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Yang's 'Breathless' Is Breathtaking

2009/04/09 Source

By Lee Hyo-won
Staff Reporter

In an obscure alleyway at night, a man ruthlessly beats a woman. A shadowy figure emerges and intercepts the violent lover's quarrel, but only to slap the victim repeatedly himself, reprimanding her for getting hit by her man.

Is he a hero or villain? It's difficult to say. "Breathless" explores the murky gray zone between compassion and cruelty, redemption and revenge, and the blessings and curses of family bonds. In a nutshell, it's a family drama that's inappropriate for children. While harrowingly violent, however, the multiple-award winning film by director-lead actor-producer Yang Ik-june seethes with warmth and humor.

The film is making headlines for entering almost 20 international film events and picking up top prizes, including, most recently, the SIGNIS Prize and the Audience Award, Wednesday, at the Buenos Aires International Independent Film Festival. And the movie does not disappoint, and establishes Yang as a name to watch out for.

"Breathless" has captured the hearts of French audiences at Deauville ― even though they are more than familiar with the Jean-Luc Godard masterpiece of the same title ("A Bout de Souffle" in French). It features over two hours of the discomforting subject matter of domestic violence against a rundown neighborhood of Seoul, but the movie glimmers with life. One is drawn to the protagonist, Sang-hoon, whom Yang plays compellingly as the most endearing antihero since Kang Cheol-jung of the "Public Enemy" series.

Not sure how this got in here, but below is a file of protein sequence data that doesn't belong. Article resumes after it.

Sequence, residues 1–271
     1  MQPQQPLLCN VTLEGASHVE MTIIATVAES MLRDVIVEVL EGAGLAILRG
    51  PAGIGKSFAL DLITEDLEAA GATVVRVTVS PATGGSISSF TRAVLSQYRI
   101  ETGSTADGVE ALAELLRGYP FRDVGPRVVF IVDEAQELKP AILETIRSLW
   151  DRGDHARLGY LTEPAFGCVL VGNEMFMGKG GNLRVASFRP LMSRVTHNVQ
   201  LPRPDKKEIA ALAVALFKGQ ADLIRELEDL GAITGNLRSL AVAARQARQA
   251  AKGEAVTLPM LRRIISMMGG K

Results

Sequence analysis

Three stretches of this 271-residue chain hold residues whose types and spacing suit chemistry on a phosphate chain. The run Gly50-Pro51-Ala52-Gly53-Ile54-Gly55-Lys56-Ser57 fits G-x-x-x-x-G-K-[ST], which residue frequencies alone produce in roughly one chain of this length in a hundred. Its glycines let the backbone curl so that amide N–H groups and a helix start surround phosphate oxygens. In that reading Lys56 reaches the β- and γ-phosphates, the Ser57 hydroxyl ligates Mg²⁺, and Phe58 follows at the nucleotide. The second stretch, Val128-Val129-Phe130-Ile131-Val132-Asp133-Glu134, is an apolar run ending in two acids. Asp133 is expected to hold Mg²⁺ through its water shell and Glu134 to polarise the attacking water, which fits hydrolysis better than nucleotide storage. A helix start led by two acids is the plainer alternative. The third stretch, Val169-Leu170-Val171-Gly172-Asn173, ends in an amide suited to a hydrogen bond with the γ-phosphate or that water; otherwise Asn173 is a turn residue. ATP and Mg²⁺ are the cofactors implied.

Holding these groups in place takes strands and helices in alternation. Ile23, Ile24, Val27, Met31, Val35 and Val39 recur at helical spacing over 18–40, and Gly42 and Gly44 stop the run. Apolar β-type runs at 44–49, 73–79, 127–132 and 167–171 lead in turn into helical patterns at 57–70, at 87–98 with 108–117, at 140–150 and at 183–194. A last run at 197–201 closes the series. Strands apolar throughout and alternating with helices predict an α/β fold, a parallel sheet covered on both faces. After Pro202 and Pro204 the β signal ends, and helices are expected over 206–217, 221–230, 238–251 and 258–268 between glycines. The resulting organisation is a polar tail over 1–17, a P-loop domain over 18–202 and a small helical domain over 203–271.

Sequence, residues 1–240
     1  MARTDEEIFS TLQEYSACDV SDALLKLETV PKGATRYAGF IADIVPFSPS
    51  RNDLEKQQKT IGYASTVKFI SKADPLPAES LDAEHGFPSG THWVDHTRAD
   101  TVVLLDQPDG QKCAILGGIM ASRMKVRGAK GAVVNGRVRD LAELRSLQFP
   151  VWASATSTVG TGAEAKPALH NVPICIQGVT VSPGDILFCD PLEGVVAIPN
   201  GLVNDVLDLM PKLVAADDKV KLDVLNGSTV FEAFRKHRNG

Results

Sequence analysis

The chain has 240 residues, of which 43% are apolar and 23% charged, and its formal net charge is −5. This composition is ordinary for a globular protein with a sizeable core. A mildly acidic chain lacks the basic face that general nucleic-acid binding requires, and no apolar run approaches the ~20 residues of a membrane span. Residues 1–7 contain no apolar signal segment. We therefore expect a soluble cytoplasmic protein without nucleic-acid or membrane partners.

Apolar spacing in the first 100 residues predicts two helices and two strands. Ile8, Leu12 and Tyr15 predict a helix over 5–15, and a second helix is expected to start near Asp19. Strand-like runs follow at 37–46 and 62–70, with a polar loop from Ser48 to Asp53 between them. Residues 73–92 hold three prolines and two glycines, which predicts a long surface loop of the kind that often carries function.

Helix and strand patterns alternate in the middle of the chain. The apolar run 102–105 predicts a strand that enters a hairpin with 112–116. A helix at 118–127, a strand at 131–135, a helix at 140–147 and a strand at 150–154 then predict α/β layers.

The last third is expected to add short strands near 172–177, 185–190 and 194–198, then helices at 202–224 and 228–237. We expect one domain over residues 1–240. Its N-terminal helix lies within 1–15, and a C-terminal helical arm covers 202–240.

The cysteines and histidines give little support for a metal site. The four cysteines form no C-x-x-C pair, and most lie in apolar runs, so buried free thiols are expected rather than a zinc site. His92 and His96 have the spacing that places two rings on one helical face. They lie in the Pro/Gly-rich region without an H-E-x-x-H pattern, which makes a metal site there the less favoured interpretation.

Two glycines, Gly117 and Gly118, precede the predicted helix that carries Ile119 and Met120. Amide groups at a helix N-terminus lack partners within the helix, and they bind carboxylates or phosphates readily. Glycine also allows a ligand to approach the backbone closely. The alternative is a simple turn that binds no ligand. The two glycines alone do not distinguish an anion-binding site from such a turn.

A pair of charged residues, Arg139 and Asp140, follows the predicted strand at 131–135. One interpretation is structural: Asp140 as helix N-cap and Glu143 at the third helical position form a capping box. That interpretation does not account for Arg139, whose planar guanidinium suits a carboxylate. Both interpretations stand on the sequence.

Sang-hoon is someone you don't want to run into on the street. Wearing a frown and an old-fashioned collar shirt with a pair of Nike sneakers, he's prone to mindless fits of violence, punching a passerby if he feels like it. He leads a dreary existence working for an enforcement mob run by an old friend, Man-sik (Jung Man-sik). When he makes money he pours it away at a pachinko parlor. He's probably the only Korean still using a beeper rather than a cell phone.

But just when the jerky, handheld camera establishes him as a despicable thug, you see him looking after his young nephew, though he is careful not to get too close with his half sister, and making sure he steers clear of young children when beating people up. His irate temper turns highly volatile at the sole mention of his father, and we learn that Sang-hoon is a victim of a violent family tragedy that took the life of his mother and sister. "So, does serving 17 years undo the fact that he killed two people?" he asks, enraged with his father.

But the darkest hours always yield to light, and Yeon-hee enters his life like a ray of sunshine. Actress Kim Kkobbi plays the role of the cheeky high school student who doesn't even wince at Sang-hoon's intimidations. The big bad thug is fascinated by the little sharp-tongued girl who goes as far as treating him like her junior, saying "So I'm a senior. Have you even been to school?" He's at a loss for words.

Yeon-hee says that her family life is so peaceful that she needs to be diverted by a lowlife thug. But in reality, they are kindred spirits, as her tough demeanor was crafted over the years of dealing with her violent, mentally disturbed father and rebellious younger brother. Her mother lost her life in a skirmish with thugs, but she finds Solace in the presence of such people in a vicious cycle.

The film depicts the human repulsion against violence but also the disturbing yet cathartic emotional release from submitting to it, and thus the human propensity toward it. But it ultimately traces the human need for hope and redemption.
As Yeon-hee starts warming up his stark existence, Sang-hoon slowly begins to emerge from the dark side. The two unlikely friends find a niche of happiness in babying Sang-hoon's little nephew. Sang-hoo, however, has committed sins for which there is a heavy price to pay.

In theaters April 16. 130 minutes. 18 and over. Distributed by Jin Jin Pictures.

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